It was recently announced via HoumaToday that Terrebonne General’s Mary Bird Perkins Cancer Center in Houma, Louisiana will begin construction soon for a $4 million expansion, as per this article. The construction, which will add a variety of new services and technologies to the Cancer Center, is expected to be completed by next fall. During the renovation, which will consist of expanding the center by more than 15,000 square feet, all cancer care and cancer center services will continue to be offered without interruption.
The $4 million expansion will include a relocation of the Mary Bird Perkins Cancer Center’s infusion center, where chemotherapy and other intravenous treatments are delivered. The infusion center will be relocated to the third floor of the clinic. Other additions that will occur due to the renovations are the increase in the number of infusion bays, from 22 to 27 total infusion bays, and the clinic exam rooms will see a capacity increase from eight people to twenty.
Additionally, there will be the installation of semi-private bays with televisions, a new common area treatment space that will be able to be used for patients who want to be in the company of others, and the addition of more private rooms for patients who wish to receive their infusion in a quieter environment.
In a news release, the president and CEO of Terrebonne General Health System, Phyllis Peoples, said “this renovation and expansion project is about bringing even more state-of-the-art, comprehensive services to patients in the Bayou Region in a calming, comforting environment. Our goal continues to be laser-focused on providing the best and most up-to-date clinical cancer care in the region.”
The renovation of the Mary Bird Perkins Cancer Center will also see the installation of the new Elekta Infinity. The Elekta Infinity is an advanced treatment system that reduces time and radiation exposure from radiotherapy; additionally, the system can deliver aggressive treatment more precisely to a targeted area through sophisticated computer programming. This will limit the effects of radiation on healthy cells while also enhancing the quality of life for patients.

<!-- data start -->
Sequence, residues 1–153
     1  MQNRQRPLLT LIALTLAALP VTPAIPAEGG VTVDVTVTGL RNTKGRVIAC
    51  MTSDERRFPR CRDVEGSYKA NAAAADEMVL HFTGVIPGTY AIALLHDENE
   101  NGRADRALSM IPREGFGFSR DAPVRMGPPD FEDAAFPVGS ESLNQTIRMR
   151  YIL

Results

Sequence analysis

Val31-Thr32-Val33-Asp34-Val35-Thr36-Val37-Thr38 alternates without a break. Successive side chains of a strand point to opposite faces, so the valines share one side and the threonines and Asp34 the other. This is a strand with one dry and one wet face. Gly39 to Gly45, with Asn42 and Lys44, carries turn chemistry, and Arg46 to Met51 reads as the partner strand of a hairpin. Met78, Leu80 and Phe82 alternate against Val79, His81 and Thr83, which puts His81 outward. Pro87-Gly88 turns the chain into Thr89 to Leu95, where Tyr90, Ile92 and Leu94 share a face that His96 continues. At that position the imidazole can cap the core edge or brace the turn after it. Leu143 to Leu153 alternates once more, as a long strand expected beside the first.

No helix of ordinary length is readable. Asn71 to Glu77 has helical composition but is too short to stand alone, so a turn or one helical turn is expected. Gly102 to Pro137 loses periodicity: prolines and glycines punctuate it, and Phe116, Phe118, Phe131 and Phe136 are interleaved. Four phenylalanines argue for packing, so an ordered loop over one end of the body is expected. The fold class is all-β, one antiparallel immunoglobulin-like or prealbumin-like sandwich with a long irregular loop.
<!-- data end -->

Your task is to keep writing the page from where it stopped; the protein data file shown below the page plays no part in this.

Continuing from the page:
Chief Operating Officer Jonas Fontenot, who is also the Dr. Charles M. Smith Chief of Physics, made it known that this new technology, referring to the Elekta Infinity, is currently available to cancer patients at the center.
Fontenot added, “the science and technology of cancer care are constantly evolving, and the cancer center is committed to bringing the latest advancements to help improve survivorship and lessen the burden of cancer. Together with Terrebonne General, we are building an integrative care model where there is a level of support not available at any other cancer center in the region. It’s about always putting the patient first.”
The second floor of the Cancer Center will have new and existing support service areas located there for patient convenience. Additionally, the second floor is set to house a gym for cancer patients requiring physical rehabilitation or exercise programs as part of their treatment. Also coming to the second floor of the Cancer Center is a lymphedema management service, which will be used to reduce pain and swelling that’s caused by lymph node damage; a dietary consultation area that will provide patients with specialized nutritional guidance; a meditation room to provide a place of serenity, reflection, and comfort for patients and their loved ones; a multi-purpose space so that patients can be supported mentally, emotionally and spiritually through music and art therapy; and a supporter space for loved ones to comfortably wait for patients.
Amy Boudreaux, the director of the Terrebonne General | Mary Bird Perkins Cancer Center spoke about the renovations coming to the Cancer Center by saying, “we are extremely excited to deliver a larger-scale, more advanced Cancer Center to our community. We appreciate the Bayou Region’s continued support, and look forward to fulfilling the needs of those who turn to us during such a vulnerable time of their lives.”
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